Wairarapa has just been announced to be a dark sky reserve today, and so this is a great night for us all, because being a dark sky reserve is very special.
A dark sky reserve means that Wairarapa’s sky is “exceptionally dark” (IDA) and our location at Star Safari is among the darkest accessible by car, which is always great. We celebrated the announcement with stargazing at its best.
Click here to download your photos from the night – watch your email for an invitation to access the photos.
The night had quite a lot of airglow. Airglow has nothing to do with light pollution, due to the ionisation of particles in the air.
“Nighttime airglow (or nightglow) is a type of chemiluminescence—the emission of light from chemical interactions between oxygen, nitrogen, and other molecules in the upper atmosphere. Airglow occurs all around the Earth, all the time. However, “nightglow” is much easier to spot over a dark Earth than “dayglow,” as airglow is just one billionth as bright as the Sun. (NASA Aurora, Meet Airglow)NASA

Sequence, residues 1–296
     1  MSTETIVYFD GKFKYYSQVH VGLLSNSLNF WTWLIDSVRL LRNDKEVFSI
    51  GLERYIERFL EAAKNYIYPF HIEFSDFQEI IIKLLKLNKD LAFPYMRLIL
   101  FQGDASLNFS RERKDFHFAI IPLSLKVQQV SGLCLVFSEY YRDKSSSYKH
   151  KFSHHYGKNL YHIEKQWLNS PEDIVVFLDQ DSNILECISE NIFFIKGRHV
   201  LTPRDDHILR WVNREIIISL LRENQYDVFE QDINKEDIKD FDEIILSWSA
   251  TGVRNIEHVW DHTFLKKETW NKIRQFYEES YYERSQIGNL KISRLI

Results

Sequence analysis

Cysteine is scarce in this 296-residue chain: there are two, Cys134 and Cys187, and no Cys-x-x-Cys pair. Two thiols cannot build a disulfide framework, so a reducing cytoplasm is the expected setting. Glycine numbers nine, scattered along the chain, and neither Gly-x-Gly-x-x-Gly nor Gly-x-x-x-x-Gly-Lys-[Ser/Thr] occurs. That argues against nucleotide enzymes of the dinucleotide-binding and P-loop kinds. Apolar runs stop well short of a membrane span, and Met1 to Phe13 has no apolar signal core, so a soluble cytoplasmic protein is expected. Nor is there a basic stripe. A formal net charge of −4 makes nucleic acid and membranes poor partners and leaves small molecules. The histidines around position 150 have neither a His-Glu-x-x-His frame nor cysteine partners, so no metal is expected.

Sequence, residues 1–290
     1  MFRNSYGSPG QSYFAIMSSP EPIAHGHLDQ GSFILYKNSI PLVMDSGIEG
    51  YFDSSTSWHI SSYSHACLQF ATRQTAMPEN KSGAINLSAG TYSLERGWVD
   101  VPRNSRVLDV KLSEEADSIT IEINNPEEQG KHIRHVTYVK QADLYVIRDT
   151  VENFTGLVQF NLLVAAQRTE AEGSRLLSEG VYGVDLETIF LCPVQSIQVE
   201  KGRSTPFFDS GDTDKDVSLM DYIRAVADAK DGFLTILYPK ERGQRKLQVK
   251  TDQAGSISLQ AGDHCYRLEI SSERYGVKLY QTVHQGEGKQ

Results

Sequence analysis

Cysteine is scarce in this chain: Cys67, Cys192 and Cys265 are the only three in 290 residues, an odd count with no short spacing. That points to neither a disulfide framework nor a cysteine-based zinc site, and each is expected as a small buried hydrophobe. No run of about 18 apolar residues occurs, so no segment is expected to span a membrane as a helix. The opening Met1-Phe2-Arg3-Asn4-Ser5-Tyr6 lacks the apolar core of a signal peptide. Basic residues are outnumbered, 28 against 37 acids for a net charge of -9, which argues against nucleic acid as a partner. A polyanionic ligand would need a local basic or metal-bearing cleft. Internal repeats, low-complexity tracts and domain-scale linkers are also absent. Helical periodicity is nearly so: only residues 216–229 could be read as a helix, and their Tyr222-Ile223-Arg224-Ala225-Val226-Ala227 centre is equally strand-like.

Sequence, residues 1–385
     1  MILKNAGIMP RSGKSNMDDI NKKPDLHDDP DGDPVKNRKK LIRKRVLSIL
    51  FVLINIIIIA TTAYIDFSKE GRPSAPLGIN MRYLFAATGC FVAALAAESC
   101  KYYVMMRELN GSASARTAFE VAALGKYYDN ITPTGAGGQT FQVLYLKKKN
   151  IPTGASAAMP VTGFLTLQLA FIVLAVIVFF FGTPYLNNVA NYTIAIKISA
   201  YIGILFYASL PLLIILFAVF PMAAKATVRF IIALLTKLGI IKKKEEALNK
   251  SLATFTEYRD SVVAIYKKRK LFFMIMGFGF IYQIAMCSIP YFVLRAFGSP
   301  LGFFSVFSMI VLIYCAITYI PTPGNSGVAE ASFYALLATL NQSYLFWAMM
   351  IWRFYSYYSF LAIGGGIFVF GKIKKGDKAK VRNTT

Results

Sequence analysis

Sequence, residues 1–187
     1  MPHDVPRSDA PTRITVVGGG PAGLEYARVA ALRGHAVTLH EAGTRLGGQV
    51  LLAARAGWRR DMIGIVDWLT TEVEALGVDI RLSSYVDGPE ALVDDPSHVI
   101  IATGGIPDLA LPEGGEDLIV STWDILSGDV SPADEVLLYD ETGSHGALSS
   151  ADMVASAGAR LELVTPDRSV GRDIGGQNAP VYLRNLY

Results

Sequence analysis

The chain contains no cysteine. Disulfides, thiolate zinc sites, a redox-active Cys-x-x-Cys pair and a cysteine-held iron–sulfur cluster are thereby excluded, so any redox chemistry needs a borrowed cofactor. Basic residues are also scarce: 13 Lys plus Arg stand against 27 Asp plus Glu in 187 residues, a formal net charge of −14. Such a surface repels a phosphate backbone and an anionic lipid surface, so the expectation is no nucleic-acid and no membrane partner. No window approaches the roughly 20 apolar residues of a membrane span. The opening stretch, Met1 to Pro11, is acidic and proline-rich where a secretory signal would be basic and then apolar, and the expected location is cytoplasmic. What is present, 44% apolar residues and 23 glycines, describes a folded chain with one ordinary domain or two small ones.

Some observing targets on the 19th were: Alpha Centauri, Jewel Box, Eta Carinae, The Magellanic Clouds – 47 Tucane, and Tarantula Nebula.
This night sky map on the 19th of January is made with Carte du Ciel – a free planetarium software.